Most predictions about a multipolar world and the decline of U.S. dominance are mistaken. At worst and, as I have said before, American hegemony is merely experiencing a period of recalibration. This is especially so in a military gist. Moreover, even if something truly extraordinary came long to challenge it, like times past, America will rise to the challenge and for this, we should be pleased.
U.S Declinism theories are nothing new. In 1970, Andrew Hacker a political scientist published a book entitled, “The end of the American Era where he confidently predicted American decline citing poor fiscal policies, excessive individualism, and imperial overstretch. Sound familiar?
America will remain the sole superpower even if not quite as powerful as in the immediate aftermath of the Cold War, and further, the prediction that the rise of India, China and Russia will have profound implications for its foreign policy also appear wrong.
As Stephen M. Walt of the Robert and Renée Belfer Professor of International Relations at Harvard University wrote in a recent piece at the Foreign Policy website:
This prediction is mistaken, or at least premature. To begin with, the U.S. economy still dwarfs the other major powers. According to the World Bank, US GDP was $13.9 trillion in 2007, compared with $4.3 bn. for Japan, $3.3 bn. for Germany, $3.2 bn. for China, and $2.8 bn. for Great Britain. In 2007, therefore, the US economy was bigger than next four powers combined. It’s true that the U.S. economy took a big hit in 2008, but so did everyone else, including China.This financial crisis will pass as others have and the world will once again look to America for leadership in matters that include international security. It will continue to be the one to guarantee security whether in Europe against a resurgent Russia, Taiwan against China, or Israel against Iran. Even under a President Obama, their innate nature will ensure this is the case.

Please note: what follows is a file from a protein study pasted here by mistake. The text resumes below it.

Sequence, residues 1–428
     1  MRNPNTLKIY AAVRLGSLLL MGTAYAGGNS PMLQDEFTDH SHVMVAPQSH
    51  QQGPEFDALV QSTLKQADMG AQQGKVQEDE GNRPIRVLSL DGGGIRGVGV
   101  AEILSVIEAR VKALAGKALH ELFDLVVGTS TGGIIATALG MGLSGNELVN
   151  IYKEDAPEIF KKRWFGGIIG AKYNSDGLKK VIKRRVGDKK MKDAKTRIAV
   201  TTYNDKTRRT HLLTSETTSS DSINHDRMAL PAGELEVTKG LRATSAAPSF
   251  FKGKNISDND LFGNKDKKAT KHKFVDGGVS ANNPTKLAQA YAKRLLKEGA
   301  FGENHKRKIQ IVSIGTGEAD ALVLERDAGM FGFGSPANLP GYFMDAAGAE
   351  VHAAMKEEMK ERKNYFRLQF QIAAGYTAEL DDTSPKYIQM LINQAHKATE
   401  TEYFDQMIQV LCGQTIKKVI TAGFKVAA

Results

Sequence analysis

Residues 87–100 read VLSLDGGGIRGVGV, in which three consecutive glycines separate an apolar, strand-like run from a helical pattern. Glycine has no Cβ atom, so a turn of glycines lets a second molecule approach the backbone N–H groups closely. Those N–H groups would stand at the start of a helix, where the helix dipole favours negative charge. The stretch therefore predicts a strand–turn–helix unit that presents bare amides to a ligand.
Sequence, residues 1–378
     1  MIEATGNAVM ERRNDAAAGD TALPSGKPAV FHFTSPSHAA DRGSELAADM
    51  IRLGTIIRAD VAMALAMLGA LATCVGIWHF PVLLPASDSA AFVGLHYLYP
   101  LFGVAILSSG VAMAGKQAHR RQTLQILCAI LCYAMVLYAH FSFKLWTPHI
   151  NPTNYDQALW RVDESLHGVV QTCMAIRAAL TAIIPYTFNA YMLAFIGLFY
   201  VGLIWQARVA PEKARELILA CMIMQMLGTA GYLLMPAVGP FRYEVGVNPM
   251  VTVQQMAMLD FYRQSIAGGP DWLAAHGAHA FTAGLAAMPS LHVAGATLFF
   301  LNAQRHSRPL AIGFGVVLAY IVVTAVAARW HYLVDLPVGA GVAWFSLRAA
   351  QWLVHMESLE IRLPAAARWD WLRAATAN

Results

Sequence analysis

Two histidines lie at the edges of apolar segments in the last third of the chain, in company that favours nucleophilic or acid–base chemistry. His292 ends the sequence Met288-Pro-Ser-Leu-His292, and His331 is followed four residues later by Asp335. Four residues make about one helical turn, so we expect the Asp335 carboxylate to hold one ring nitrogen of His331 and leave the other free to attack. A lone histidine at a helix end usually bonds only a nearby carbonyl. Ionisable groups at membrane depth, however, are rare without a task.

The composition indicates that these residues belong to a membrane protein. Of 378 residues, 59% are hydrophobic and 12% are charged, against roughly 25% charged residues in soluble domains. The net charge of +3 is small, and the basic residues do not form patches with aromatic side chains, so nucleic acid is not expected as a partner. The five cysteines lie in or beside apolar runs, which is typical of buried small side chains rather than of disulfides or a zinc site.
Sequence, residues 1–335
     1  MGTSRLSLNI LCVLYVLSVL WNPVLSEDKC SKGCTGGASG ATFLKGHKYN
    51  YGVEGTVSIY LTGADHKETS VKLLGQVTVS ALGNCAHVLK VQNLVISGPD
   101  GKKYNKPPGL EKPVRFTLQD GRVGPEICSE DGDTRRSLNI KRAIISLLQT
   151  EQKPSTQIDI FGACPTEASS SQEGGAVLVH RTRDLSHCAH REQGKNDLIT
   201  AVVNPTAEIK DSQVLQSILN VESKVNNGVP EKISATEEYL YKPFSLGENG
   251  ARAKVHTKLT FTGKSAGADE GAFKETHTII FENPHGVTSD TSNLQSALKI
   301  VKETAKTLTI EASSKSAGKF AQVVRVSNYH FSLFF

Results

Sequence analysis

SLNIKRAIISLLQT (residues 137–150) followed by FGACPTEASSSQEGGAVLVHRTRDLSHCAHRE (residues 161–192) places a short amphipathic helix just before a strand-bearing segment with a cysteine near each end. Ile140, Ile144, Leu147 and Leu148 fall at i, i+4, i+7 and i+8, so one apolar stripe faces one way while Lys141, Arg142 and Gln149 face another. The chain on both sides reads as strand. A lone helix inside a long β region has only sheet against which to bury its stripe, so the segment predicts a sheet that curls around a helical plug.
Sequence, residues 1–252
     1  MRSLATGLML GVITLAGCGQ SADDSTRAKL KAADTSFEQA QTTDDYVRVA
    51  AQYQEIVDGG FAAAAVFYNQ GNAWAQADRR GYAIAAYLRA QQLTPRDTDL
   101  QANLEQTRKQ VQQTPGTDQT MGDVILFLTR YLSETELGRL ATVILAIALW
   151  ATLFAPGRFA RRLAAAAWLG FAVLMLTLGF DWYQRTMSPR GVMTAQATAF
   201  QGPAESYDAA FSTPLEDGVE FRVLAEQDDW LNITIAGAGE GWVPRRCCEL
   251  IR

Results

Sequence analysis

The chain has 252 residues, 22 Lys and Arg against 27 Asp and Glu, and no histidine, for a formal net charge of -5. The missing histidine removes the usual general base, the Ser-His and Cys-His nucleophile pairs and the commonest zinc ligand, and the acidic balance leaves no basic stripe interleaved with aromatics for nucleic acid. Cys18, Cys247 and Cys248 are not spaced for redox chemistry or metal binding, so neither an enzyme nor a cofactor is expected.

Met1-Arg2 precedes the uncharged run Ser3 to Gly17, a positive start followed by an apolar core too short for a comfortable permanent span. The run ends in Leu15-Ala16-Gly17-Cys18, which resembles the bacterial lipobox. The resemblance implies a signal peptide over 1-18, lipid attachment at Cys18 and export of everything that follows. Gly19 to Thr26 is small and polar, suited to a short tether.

Second, U.S. military power dwarfs all others, despite our difficulties in Iraq and Afghanistan. Not only does the United States spend more on national security than the rest of the world combined, but no other major power spends as large a percentage of its GDP on national security as the United States does. Not surprisingly, no country has the global reach of the United States or the capacity to operate with near-impunity over most of the world's common spaces.
Third, this situation isn't going to change very much, because the United States is the only advanced industrial power whose population will grow significantly over the next few decades. Most European countries have low birth rates, which means their populations are both shrinking and getting older. This trend is especially evident in Russia and also in Japan. China's population will projected to increase slightly over the next twenty years and then begin to decrease, as the effects of the "one-child" policy kick in. China will also have a very large demographic bulge of retirees, which will be an increasingly costly burden over time.
As a final point, and for those with the Newsweek or Zakaria mindset, I submit the wise words of Robert J. Lieber:
Over the years, America’s staying power has been regularly and chronically underestimated—by condescending French and British statesmen in the nineteenth century, by German, Japanese, and Soviet militarists in the twentieth, and by homegrown prophets of doom today. The critiques come and go. The object of their contempt never does.Further reading:
Visit my former blog, American Interests and follow the "International Security" label amongst others.